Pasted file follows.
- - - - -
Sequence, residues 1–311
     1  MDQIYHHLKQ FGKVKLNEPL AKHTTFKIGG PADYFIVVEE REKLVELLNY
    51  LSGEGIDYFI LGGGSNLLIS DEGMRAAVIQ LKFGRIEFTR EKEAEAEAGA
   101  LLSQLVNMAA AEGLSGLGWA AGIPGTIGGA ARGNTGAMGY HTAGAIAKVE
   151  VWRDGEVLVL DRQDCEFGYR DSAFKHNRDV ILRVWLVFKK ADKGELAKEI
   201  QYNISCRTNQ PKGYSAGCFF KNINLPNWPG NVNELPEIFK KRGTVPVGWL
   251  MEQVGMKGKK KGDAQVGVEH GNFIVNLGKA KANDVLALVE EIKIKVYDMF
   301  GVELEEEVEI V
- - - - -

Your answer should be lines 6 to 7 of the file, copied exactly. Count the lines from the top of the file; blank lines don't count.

   201  QYNISCRTNQ PKGYSAGCFF KNINLPNWPG NVNELPEIFK KRGTVPVGWL
   251  MEQVGMKGKK KGDAQVGVEH GNFIVNLGKA KANDVLALVE EIKIKVYDMF